Thomas Ignatius Maria Forster
British astronomer, naturalist, and philosopher
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- Some persons in Europe carry their notions about cruelty to animals so far as not to allow themselves to eat animal food. Many very intelligent men have, at different times of their lives, abstained wholly from flesh; and this too with very considerable advantage to their health. … The most attentive research which I have been able to make into the health of all these persons induces me to believe that vegetable food is the natural diet of man; I tried it once with very considerable advantage: my strength became greater, my intellect clearer, my power of continued exertion protracted, and my spirits much higher than they were when I lived on a mixed diet. I am inclined to think that the inconvenience which some persons experience from vegetable food is only temporary; a few repeated trials would soon render it not only safe but agreeable, and a disgust to the taste of flesh, under any disguise, would be the result of the experiment. The Carmelites and other religious orders, who subsist only on the productions of the vegetable world, live to a greater age than those who feed on meat, and in general herbivorous persons are milder in their dispositions than other people. The same quantity of ground has been proved to be capable of sustaining a larger and stronger population on a vegetable than on a meat diet; and experience has shewn that the juices of the body are more pure and the viscera much more free from disease in those who live in this simple way. All these facts, taken collectively, point to a period, in the progress of civilization, when men will cease to slay their fellow mortals in the animal world for food, and will tend thereby to realize the fictions of antiquity and the Sybilline oracles respecting the millennium or golden age.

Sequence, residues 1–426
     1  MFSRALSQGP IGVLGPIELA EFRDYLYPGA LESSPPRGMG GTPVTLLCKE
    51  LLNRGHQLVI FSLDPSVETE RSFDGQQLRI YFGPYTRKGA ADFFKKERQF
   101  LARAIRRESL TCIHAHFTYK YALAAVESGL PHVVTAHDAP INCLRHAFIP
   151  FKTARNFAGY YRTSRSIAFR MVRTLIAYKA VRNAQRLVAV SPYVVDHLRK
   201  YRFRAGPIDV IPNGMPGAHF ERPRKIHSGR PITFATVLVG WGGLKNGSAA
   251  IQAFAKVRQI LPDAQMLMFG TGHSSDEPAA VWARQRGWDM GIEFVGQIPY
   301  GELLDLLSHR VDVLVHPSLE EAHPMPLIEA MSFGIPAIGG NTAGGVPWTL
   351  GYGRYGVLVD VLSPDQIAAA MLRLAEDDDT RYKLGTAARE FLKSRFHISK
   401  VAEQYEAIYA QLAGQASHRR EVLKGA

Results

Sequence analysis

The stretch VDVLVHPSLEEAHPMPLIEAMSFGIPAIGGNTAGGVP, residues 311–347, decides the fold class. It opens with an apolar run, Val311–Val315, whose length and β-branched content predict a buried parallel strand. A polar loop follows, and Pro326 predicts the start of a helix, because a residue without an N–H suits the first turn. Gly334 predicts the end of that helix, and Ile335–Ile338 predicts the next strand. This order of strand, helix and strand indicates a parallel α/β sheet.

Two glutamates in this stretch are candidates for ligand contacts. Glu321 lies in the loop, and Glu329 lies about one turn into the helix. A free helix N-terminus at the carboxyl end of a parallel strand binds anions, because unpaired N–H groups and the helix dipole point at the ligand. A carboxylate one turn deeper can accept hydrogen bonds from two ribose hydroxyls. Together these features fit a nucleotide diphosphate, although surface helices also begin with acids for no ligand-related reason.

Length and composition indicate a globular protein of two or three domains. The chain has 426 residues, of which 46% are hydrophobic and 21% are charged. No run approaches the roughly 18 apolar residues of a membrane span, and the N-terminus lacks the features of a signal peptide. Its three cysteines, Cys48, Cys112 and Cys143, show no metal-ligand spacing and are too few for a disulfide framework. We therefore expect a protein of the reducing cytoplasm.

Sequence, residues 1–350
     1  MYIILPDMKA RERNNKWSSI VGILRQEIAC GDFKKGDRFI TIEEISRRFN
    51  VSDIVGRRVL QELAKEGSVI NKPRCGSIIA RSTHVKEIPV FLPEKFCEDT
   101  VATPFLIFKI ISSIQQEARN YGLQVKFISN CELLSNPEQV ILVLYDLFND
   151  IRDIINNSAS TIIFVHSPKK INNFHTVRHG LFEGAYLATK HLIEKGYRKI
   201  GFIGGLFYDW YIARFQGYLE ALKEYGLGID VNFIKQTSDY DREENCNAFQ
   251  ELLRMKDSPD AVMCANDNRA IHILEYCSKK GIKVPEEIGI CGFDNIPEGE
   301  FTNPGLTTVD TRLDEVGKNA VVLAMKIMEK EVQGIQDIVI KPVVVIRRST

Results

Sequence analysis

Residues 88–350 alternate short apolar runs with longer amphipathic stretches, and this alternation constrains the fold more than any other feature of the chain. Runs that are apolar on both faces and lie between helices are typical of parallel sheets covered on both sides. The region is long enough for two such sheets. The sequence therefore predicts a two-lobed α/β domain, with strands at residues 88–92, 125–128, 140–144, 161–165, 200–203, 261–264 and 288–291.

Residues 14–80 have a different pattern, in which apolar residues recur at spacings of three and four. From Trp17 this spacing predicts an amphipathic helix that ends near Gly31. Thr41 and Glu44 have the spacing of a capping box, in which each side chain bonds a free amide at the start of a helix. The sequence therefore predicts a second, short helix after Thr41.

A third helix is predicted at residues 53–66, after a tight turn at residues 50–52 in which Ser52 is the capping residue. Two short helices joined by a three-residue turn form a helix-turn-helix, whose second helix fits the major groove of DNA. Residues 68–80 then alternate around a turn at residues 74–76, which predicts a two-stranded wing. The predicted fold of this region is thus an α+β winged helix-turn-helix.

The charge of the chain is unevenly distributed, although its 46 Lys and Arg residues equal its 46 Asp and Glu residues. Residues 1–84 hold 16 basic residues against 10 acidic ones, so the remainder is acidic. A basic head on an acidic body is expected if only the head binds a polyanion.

- Philozoia; or Moral Reflections on the Actual Condition of the Animal Kingdom, and on the Means of Improving the same, Brussels: Deltombe and W. Todd, 1839, pp. 42-43.